That use of Margaret Thatcher’s favourite phrase of approval – ‘one of us’ – was carefully judged. Labour in the 1980s, for all its left-wing image in the media, had seldom looked like a genuinely radical party; rather it spent its time desperately defending the status quo against the assaults of the Conservative government. Blair, however, leant towards the Thatcherite model of activity at all times, perpetually looking for roots that might be torn up, even if he had little insight into what might be put in their place.
The showbiz element had never quite left him, but as leader it was channelled into his major speeches to the annual conference and elsewhere, occasions that appeared to be treated with a degree of serious preparation not always in evidence when it came to policy-making. He no longer looked like a rock star manqué, though he was clearly conscious that, by the standards of politics, he was a good-looking man.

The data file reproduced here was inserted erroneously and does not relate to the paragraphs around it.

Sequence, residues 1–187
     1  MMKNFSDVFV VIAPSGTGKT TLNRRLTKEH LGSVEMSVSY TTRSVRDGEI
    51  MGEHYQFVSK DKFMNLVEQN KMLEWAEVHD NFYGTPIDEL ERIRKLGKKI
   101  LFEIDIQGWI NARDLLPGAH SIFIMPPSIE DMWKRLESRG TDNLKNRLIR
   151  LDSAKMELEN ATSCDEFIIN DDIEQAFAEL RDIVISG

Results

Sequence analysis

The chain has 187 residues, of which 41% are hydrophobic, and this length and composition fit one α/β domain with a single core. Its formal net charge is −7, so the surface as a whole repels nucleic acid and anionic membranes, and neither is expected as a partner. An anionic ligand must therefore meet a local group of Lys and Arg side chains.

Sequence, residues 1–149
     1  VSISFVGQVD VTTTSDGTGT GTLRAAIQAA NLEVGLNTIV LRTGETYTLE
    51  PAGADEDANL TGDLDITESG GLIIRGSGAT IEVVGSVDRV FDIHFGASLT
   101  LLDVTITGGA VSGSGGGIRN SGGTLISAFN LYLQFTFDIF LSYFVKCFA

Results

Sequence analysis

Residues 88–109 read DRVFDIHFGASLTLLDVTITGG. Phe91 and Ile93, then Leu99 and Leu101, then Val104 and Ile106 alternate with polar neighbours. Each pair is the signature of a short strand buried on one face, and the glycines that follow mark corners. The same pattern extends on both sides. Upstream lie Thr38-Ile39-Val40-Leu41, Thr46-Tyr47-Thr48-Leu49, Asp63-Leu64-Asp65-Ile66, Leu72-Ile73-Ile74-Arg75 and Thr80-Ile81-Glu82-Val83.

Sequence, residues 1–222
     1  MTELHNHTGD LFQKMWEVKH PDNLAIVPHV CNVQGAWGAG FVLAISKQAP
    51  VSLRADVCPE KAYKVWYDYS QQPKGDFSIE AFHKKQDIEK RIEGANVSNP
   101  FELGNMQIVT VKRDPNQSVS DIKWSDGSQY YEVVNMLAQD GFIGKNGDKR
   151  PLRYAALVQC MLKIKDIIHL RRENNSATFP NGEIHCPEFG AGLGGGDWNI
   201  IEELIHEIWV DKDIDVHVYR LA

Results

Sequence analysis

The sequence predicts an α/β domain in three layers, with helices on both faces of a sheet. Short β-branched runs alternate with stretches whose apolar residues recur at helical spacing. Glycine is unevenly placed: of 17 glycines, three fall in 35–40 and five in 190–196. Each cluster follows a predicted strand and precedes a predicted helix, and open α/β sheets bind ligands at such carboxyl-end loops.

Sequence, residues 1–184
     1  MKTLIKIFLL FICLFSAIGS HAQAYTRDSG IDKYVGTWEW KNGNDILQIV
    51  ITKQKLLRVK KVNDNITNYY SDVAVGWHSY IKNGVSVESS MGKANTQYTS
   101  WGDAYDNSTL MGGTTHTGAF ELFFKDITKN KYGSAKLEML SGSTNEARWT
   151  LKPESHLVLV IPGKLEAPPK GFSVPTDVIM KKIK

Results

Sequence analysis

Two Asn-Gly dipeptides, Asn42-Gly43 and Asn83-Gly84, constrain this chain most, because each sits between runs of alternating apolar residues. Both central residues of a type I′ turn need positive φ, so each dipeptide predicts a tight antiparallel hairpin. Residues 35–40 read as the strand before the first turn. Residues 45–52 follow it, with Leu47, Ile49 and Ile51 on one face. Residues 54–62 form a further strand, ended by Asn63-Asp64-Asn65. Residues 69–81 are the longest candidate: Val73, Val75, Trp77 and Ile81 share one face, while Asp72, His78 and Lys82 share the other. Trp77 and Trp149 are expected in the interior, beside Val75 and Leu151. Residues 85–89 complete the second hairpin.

‘Tony Blair is the first prime minister I can completely imagine having voluntary sex with,’ drooled Bridget Jones, and she wasn’t the only one. A poll in Forum found that Blair was the sexiest man in British politics (not a particularly competitive field), and when, in the summer of 1997, the women’s pages of the Sun ran their annual poll for the ‘top 100 hunks’, he came in as a new entry at number sixty-five, one place ahead of Brett Anderson of Suede, though he was a couple of places behind David Essex and a long way off the pace set by David Beckham, who had supplanted George Clooney in the top spot.